Toronto Feature: Casa Loma

This text is from the free Toronto in Time app, which was created by The Canadian Encyclopedia and is available from the App Store and the Google Play store. Visit its companion website, which is linked below, to explore all the features of the app online.

Casa Loma, 2012
View of the Casa Loma at Davenport and Walmer Road (photo \u00a9 2012 by James Marsh).
Casa Loma under construction, circa 1911, from Davenport and Walmer Road.
The Pellatts and Mackenzie King
Sir Henry and Lady Pellatt with Mackenzie King, circa 1911 (courtesy City of Toronto Archives/Fonds 1244, Item 4019).
Casa Loma, interior.
Credit: \u00a9 Davida Aronovitch.
Casa Loma, interior.
Credit: \u00a9 Davida Aronovitch.
Casa Loma, interior.
Credit: \u00a9 Davida Aronovitch.
Casa Loma, interior.
Credit: \u00a9 Davida Aronovitch.

Toronto Feature: Casa Loma

"Foremost if I Can." Henry Pellatt and Casa Loma

This text is from the free Toronto in Time app, which was created by The Canadian Encyclopedia and is available from the App Store and the Google Play store. Visit its companion website, which is linked below, to explore all the features of the app online.

Even as a young man, Sir Henry Pellatt embraced the spirit of the family motto "Foremost If I Can." A daring financier who helped build the first hydroelectric generating station at Niagara Falls, he certainly had the wealth to show off. After he was made a Knight of the British Realm he determined to build a castle worthy of his new title. In 1905 he purchased 25 lots, which already had the name Casa Loma, on the escarpment running down to Davenport Road.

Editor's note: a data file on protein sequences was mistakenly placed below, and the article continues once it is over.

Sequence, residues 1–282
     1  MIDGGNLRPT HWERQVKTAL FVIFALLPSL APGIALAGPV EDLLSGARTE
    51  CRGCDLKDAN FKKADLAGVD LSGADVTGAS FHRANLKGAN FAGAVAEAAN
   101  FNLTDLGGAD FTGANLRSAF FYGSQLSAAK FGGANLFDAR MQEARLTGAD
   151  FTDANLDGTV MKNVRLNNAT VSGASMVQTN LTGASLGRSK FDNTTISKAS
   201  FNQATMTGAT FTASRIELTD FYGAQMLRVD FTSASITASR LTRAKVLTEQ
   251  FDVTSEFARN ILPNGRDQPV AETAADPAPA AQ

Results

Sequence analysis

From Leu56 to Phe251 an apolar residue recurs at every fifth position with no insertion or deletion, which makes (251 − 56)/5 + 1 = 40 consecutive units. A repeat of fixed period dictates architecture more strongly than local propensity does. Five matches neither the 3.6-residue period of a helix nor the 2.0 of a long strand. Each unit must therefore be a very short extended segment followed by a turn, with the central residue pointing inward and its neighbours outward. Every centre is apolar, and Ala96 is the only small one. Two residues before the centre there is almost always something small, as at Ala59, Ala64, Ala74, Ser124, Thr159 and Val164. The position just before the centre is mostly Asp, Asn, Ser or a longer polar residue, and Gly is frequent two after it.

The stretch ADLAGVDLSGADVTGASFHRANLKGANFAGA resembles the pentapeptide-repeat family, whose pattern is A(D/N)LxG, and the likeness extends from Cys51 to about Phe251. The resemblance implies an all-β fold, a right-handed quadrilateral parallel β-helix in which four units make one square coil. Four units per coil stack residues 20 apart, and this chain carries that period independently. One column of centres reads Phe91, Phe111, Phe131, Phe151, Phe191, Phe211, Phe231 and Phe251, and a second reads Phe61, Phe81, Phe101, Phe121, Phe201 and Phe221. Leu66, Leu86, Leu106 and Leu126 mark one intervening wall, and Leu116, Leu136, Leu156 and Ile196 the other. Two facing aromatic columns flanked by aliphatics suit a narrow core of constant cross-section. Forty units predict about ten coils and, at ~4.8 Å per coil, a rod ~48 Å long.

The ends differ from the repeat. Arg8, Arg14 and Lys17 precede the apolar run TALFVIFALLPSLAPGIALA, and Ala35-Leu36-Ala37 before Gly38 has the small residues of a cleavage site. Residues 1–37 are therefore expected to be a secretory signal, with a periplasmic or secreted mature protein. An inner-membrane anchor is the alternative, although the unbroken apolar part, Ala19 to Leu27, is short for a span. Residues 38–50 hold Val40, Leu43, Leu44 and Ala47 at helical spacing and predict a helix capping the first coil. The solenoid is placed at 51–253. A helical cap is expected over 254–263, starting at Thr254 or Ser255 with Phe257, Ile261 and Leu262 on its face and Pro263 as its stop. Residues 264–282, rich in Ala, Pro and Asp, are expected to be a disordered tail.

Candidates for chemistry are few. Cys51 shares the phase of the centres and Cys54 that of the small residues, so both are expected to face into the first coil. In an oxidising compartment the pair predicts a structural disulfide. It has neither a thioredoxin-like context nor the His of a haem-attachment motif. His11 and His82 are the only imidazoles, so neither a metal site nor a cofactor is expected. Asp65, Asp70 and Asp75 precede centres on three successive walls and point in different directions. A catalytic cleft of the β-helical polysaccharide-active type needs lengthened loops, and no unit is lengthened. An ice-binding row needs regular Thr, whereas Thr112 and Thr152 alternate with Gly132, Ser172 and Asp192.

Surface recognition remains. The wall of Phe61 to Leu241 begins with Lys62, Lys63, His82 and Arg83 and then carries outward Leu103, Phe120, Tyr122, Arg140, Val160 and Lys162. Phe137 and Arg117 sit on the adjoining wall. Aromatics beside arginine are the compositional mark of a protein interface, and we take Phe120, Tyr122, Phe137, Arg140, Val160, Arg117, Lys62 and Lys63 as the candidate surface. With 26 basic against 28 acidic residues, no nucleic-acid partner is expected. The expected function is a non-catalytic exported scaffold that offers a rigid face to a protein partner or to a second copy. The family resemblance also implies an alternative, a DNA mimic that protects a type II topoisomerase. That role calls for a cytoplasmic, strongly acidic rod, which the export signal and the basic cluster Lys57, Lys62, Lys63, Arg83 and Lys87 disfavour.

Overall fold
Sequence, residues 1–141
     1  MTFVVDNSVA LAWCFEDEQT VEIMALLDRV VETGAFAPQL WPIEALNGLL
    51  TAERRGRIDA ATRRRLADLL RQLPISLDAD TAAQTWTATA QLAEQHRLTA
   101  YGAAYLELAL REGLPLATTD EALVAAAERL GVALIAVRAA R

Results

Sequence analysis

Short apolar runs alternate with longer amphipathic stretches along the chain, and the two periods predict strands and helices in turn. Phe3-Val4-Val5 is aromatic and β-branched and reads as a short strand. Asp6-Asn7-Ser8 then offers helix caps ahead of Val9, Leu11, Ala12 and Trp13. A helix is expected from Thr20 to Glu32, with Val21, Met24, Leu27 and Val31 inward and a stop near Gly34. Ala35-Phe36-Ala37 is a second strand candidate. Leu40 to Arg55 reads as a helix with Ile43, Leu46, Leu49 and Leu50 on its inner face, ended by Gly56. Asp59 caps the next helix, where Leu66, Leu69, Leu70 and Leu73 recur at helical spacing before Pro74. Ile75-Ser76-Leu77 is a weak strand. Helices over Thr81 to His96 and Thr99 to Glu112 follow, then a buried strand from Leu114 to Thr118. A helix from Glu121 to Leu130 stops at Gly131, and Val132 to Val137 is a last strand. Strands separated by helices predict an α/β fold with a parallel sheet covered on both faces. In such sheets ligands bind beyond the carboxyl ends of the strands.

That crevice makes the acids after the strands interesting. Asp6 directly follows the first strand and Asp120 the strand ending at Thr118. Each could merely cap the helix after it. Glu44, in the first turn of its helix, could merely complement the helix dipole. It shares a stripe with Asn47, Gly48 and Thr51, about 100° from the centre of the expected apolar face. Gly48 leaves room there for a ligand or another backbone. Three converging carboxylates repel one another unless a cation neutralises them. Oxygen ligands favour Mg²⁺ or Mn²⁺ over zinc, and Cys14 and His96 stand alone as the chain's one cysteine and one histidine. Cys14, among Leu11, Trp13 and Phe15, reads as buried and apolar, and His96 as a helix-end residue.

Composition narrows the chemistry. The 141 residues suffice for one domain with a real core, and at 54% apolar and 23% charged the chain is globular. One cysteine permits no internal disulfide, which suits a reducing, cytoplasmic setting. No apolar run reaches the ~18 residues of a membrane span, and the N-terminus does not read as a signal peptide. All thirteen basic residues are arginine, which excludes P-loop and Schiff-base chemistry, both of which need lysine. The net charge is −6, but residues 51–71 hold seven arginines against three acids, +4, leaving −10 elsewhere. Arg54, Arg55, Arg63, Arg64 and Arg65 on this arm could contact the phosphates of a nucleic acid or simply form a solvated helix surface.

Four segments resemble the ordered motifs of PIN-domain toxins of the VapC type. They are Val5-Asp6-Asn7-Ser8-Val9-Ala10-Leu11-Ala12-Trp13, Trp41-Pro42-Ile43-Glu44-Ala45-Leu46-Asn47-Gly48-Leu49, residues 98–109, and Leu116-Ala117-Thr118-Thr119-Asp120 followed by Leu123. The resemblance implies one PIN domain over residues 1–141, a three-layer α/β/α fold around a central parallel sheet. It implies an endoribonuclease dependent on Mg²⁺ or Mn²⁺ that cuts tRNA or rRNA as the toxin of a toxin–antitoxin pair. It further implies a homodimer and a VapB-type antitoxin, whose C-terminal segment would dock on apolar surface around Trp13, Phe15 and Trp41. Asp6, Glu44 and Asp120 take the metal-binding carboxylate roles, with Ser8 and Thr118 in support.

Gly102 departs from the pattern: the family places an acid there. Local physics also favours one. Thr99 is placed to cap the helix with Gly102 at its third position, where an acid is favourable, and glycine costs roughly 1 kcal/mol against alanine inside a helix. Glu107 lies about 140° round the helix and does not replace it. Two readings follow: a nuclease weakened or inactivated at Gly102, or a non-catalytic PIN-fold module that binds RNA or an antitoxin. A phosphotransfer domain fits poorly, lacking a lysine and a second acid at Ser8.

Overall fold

In E.J. Lennox, Pellatt chose an architect whose self-esteem was as high as his own. What resulted was the grandiose Casa Loma, with 98 rooms, the largest house ever built in Canada. It was the kind of ostentatious display of wealth that did not embarrass the rich in North America at the time. With corbelled towers, high chimneys and a buttressed porte-cochère (carriage porch), oak panelled rooms and magnificent carvings, Casa Loma evoked the romance of a medieval castle. Even the stables, connected to the house by a long tunnel, were as fine as any on the continent.

Pellatt ran out of money before he was able to complete Casa Loma. When he lost his fortune after the First World War, he was forced to sell it to the city for a fraction of its cost for back taxes. His furniture was auctioned off in a sale that, Pellatt told one newspaper, "broke my heart."

Fantasy or folly, today Casa Loma is one of the most visited places in the city. Some 300 000 visitors tour "the castle" each year.


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